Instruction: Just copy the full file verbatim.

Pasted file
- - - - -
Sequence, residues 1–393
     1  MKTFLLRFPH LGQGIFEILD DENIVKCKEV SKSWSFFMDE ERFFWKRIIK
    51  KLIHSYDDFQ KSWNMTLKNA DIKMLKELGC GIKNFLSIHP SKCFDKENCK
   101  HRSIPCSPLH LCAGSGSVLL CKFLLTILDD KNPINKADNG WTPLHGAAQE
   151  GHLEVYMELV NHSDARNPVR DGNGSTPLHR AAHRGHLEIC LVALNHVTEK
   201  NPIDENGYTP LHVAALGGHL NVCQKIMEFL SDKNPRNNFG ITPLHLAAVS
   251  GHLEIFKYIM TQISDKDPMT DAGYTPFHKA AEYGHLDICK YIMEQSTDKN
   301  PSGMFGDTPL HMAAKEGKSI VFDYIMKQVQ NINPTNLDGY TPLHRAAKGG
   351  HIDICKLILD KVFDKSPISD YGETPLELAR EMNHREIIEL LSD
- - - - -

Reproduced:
Sequence, residues 1–393
     1  MKTFLLRFPH LGQGIFEILD DENIVKCKEV SKSWSFFMDE ERFFWKRIIK
    51  KLIHSYDDFQ KSWNMTLKNA DIKMLKELGC GIKNFLSIHP SKCFDKENCK
   101  HRSIPCSPLH LCAGSGSVLL CKFLLTILDD KNPINKADNG WTPLHGAAQE
   151  GHLEVYMELV NHSDARNPVR DGNGSTPLHR AAHRGHLEIC LVALNHVTEK
   201  NPIDENGYTP LHVAALGGHL NVCQKIMEFL SDKNPRNNFG ITPLHLAAVS
   251  GHLEIFKYIM TQISDKDPMT DAGYTPFHKA AEYGHLDICK YIMEQSTDKN
   301  PSGMFGDTPL HMAAKEGKSI VFDYIMKQVQ NINPTNLDGY TPLHRAAKGG
   351  HIDICKLILD KVFDKSPISD YGETPLELAR EMNHREIIEL LSD